ASEAN offers a crucial, and previously missing, level of cooperation on human rights, working between national governments and the United Nations.
Why does ASEAN have two different commissions, one on human rights and one for women and children?
Due: May 27th 2020. 11.55pm.
Assessment Task 3
Learning Outcomes: 1,2,3,4
Participation in tutorials
Assessment Task 4
Learning Outcomes: 1,2,3,4
Take Home Exam
4 - Exam (30%)
The exam will be comprised of two parts. The first part will ask you to explain the significance of two documents from ASEAN’s history. The second will be a short answer question. I will assign two hours for the exam and you should split this evenly between the two parts.
Exam date - The exam will be a take home exam released over the exam period and submitted through the regular wattle site.
Academic IntegrityAcademic integrity is a core part of our culture as a community of scholars. At its heart, academic integrity is about behaving ethically. This means that all members of the community commit to honest and responsible scholarly practice and to upholding these values with respect and fairness. The Australian National University commits to embedding the values of academic integrity in our teaching and learning. We ensure that all members of our community understand how to engage in academic work in ways that are consistent with, and actively support academic integrity. The ANU expects staff and students to uphold high standards of academic integrity and act ethically and honestly, to ensure the quality and value of the qualification that you will graduate with. The University has policies and procedures in place to promote academic integrity and manage academic misconduct. Visit the following Academic honesty & plagiarism website for more information about academic integrity and what the ANU considers academic misconduct. The ANU offers a number of services to assist students with their assignments, examinations, and other learning activities. The Academic Skills and Learning Centre offers a number of workshops and seminars that you may find useful for your studies.
Online SubmissionThe ANU uses Turnitin to enhance student citation and referencing techniques, and to assess assignment submissions as a component of the University's approach to managing Academic Integrity. While the use of Turnitin is not mandatory, the ANU highly recommends Turnitin is used by both teaching staff and students. For additional information regarding Turnitin please visit the ANU Online website.
Hardcopy SubmissionFor some forms of assessment (hand written assignments, art works, laboratory notes, etc.) hard copy submission is appropriate when approved by the Associate Dean (Education). Hard copy submissions must utilise the Assignment Cover Sheet. Please keep a copy of tasks completed for your records.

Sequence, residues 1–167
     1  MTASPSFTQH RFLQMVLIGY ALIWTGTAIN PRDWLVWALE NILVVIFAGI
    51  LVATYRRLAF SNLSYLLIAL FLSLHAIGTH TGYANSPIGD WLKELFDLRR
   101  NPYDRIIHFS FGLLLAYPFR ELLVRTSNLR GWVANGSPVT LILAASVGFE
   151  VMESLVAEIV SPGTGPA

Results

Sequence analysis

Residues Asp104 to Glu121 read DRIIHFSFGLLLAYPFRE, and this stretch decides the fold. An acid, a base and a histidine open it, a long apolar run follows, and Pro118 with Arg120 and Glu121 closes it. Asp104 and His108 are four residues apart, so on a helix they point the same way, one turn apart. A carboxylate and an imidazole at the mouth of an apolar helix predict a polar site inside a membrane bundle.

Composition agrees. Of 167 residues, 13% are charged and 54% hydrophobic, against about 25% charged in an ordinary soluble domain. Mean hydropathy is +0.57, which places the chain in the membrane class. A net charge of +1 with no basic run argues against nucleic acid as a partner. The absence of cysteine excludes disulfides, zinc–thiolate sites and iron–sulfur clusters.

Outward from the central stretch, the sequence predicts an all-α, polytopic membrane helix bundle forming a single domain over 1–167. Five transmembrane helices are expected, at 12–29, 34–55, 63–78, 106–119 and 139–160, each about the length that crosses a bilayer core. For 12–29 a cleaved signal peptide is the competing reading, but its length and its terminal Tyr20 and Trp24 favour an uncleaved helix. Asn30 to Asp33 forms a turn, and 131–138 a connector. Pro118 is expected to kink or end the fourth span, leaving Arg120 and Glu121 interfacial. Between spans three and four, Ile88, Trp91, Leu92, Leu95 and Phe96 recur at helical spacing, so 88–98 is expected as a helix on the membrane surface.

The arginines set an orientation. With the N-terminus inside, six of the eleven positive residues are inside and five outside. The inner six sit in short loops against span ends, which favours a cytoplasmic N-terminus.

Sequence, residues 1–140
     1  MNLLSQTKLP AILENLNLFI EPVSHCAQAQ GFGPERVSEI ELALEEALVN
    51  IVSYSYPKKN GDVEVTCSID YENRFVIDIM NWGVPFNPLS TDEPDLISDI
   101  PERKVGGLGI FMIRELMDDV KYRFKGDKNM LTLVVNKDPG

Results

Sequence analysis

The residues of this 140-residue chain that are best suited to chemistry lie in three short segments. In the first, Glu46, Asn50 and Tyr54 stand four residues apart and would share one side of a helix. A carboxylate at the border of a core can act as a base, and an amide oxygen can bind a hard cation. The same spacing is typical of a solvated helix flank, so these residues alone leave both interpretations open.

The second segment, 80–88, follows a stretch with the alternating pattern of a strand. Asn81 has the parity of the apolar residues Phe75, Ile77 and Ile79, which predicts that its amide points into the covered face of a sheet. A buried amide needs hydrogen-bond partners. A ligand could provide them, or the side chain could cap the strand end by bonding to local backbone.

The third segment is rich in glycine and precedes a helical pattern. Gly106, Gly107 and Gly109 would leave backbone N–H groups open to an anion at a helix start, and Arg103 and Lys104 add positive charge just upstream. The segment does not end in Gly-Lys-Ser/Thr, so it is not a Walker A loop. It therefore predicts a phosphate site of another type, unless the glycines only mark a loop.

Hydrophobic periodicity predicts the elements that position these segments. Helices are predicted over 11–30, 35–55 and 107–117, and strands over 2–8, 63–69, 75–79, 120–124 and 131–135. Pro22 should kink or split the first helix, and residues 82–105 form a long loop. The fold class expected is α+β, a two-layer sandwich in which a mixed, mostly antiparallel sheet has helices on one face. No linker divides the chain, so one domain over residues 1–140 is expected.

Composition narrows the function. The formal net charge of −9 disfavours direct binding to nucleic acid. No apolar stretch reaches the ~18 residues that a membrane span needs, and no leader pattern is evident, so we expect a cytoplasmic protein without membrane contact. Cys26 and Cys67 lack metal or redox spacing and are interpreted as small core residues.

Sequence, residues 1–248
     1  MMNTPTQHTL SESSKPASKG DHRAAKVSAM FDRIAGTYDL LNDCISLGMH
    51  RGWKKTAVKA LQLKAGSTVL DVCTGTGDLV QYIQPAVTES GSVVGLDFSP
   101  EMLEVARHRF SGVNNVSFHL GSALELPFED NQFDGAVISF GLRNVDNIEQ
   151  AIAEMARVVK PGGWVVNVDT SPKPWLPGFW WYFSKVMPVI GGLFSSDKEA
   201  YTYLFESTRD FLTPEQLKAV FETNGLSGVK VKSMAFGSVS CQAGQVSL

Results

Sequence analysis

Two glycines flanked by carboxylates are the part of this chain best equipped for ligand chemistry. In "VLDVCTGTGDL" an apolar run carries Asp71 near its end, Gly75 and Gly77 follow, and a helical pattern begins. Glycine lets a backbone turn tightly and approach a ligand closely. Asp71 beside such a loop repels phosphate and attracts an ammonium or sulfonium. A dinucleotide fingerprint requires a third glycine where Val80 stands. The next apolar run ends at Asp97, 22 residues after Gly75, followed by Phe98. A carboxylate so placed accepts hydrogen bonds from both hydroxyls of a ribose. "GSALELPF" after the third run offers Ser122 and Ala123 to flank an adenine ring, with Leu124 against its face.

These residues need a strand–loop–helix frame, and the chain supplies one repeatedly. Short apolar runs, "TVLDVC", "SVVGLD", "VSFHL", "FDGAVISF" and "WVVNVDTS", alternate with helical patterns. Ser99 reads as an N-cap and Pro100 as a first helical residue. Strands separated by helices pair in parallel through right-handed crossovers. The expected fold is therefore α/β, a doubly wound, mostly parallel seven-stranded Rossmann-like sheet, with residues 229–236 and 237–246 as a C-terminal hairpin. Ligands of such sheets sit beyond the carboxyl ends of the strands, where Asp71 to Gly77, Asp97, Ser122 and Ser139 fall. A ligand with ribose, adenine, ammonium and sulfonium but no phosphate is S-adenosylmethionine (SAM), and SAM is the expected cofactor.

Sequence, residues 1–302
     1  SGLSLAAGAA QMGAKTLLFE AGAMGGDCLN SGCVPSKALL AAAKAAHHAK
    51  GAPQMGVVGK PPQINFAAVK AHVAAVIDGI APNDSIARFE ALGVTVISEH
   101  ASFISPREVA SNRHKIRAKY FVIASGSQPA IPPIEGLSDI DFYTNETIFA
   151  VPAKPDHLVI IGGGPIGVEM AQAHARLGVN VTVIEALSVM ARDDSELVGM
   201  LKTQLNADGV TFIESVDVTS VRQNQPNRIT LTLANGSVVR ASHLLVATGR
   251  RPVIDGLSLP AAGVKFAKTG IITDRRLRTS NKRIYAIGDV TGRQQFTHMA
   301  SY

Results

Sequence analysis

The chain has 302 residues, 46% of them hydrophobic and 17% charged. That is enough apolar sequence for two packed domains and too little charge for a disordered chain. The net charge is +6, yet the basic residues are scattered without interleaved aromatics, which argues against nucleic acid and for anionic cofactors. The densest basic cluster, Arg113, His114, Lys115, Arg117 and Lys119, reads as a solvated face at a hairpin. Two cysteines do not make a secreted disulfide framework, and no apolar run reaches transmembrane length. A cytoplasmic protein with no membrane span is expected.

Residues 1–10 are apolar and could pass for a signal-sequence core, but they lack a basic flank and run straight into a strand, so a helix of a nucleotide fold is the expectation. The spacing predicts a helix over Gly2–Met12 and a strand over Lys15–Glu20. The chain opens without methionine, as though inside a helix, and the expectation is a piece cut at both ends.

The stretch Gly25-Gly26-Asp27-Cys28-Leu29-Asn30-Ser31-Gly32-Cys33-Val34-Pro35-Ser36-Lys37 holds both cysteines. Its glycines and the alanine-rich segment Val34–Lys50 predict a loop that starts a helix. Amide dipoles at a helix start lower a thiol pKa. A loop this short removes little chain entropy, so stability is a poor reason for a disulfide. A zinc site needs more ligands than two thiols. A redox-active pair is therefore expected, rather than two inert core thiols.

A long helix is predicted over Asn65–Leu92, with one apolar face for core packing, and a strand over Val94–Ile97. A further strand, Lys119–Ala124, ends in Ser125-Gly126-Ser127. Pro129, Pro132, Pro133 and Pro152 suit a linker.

Late submission of assessment tasks without an extension are penalised at the rate of 5% of the possible marks available per working day or part thereof. Late submission of assessment tasks is not accepted after 10 working days after the due date, or on or after the date specified in the course outline for the return of the assessment item. Late submission is not accepted for take-home examinations.
Referencing RequirementsAccepted academic practice for referencing sources that you use in presentations can be found via the links on the Wattle site, under the file named “ANU and College Policies, Program Information, Student Support Services and Assessment”. Alternatively, you can seek help through the Students Learning Development website.
Extensions and PenaltiesExtensions and late submission of assessment pieces are covered by the Student Assessment (Coursework) Policy and Procedure The Course Convener may grant extensions for assessment pieces that are not examinations or take-home examinations. If you need an extension, you must request an extension in writing on or before the due date. If you have documented and appropriate medical evidence that demonstrates you were not able to request an extension on or before the due date, you may be able to request it after the due date.
Distribution of grades policyAcademic Quality Assurance Committee monitors the performance of students, including attrition, further study and employment rates and grade distribution, and College reports on quality assurance processes for assessment activities, including alignment with national and international disciplinary and interdisciplinary standards, as well as qualification type learning outcomes. Since first semester 1994, ANU uses a grading scale for all courses. This grading scale is used by all academic areas of the University.
Support for studentsThe University offers students support through several different services. You may contact the services listed below directly or seek advice from your Course Convener, Student Administrators, or your College and Course representatives (if applicable).
- ANU Health, safety & wellbeing for medical services, counselling, mental health and spiritual support
- ANU Diversity and inclusion for students with a disability or ongoing or chronic illness
- ANU Dean of Students for confidential, impartial advice and help to resolve problems between students and the academic or administrative areas of the University
- ANU Academic Skills and Learning Centre supports you make your own decisions about how you learn and manage your workload.
- ANU Counselling Centre promotes, supports and enhances mental health and wellbeing within the University student community.
- ANUSA supports and represents undergraduate and ANU College students
- PARSA supports and represents postgraduate and research students